• Grain (cereal) foods
  • Vegetables and legumes/beans
  • Fruit
  • Milk, yoghurt, cheese and/or alternatives
  • Lean meat and poultry, fish, eggs, tofu, nuts and seeds and legumes/beans (lean meats and alternatives).

The ADG also recommend limiting consumption of discretionary foods (i.e. those containing relatively higher amounts of saturated fat, added salt, added sugars and/or alcohol). Discretionary foods are often high in energy and can take the place of more healthy and nutritious options from the five food groups. See the Discretionary Foods section at the end of this chapter for more information on the energy available from discretionary foods in 2020-21.

The ADG include minimum recommended daily serves of the five food groups to be consumed to satisfy nutrient requirements and minimise the risk of diet-related chronic disease. These minimum recommended daily serves vary by age, sex and life stages such as pregnancy and lactation, and reflect the different nutrient requirements across the life course. Serves define the weight or volume of a particular food (for example, rice) that provides a similar amount of energy and key nutrients to a serve of a different food (for example, pasta) in the same food group (in this example, grain and cereal foods).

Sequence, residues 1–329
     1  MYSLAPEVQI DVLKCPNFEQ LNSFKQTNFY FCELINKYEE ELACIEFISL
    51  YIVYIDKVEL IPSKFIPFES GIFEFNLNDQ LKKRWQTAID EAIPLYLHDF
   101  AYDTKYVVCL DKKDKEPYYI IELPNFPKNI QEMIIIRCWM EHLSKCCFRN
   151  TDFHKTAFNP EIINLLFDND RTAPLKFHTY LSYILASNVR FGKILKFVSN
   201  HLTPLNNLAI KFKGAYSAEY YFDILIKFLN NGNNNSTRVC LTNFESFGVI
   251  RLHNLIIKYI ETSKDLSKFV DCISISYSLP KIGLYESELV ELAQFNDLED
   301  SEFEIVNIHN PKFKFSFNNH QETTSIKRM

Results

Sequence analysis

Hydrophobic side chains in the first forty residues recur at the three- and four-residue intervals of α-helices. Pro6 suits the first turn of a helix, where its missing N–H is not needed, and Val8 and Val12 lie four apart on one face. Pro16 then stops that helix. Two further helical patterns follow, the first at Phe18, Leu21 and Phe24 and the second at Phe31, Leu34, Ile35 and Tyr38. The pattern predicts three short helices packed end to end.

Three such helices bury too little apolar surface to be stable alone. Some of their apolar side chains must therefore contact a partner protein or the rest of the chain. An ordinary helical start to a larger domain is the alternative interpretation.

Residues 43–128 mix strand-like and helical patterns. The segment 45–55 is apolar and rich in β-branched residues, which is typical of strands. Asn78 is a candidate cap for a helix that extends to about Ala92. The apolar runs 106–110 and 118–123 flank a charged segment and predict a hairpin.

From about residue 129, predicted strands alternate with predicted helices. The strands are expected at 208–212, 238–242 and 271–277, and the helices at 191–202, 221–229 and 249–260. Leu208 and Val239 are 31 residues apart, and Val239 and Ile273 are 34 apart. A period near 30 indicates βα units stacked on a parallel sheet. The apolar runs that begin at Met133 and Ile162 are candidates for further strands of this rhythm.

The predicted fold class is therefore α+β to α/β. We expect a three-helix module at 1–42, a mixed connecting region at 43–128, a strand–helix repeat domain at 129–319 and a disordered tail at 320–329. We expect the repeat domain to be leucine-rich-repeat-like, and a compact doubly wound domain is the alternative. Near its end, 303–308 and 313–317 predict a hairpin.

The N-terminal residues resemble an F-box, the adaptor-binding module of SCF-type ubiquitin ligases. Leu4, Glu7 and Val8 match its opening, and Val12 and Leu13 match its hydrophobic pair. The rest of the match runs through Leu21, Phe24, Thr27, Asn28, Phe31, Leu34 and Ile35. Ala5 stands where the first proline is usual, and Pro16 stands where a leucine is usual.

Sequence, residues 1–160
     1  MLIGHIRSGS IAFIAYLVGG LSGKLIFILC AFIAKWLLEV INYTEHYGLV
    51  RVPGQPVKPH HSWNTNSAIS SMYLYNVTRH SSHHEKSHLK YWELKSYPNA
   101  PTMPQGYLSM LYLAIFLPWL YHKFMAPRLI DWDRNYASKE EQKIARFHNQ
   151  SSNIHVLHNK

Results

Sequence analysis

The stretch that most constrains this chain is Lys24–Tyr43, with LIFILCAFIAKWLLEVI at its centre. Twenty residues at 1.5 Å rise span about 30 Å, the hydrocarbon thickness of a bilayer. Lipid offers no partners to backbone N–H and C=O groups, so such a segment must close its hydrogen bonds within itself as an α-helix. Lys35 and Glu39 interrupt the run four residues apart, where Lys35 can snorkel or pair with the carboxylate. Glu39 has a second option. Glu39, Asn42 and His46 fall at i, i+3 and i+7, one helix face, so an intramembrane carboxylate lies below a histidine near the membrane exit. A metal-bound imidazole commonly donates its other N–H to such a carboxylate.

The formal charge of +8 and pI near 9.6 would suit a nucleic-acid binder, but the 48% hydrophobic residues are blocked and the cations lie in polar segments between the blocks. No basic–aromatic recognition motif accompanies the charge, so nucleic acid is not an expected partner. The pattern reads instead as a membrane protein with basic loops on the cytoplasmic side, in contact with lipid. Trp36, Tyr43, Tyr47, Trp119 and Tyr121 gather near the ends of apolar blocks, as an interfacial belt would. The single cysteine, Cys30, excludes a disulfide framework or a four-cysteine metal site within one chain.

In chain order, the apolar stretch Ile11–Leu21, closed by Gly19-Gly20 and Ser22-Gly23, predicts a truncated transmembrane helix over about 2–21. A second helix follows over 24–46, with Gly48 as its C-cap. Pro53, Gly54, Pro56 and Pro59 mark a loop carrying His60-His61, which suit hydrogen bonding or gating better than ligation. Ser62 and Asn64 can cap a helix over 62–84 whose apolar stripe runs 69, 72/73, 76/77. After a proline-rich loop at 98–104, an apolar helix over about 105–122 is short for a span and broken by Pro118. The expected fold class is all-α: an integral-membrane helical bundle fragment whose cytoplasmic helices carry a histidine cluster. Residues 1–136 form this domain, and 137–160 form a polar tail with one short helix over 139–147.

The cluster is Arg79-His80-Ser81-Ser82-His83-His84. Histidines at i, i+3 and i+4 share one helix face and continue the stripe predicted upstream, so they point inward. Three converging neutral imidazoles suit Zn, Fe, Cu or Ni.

In this publication, the ADG minimum recommended serves for each of the five food groups are compared with apparent consumption of non-discretionary foods. This is achieved by deriving a single average recommended serve value for each food group, using the 2020 Estimated Resident Population to 'weight' the ADG serve recommendations for different age and sex groups (excluding pregnancy and breastfeeding recommendations). See Glossary for more information.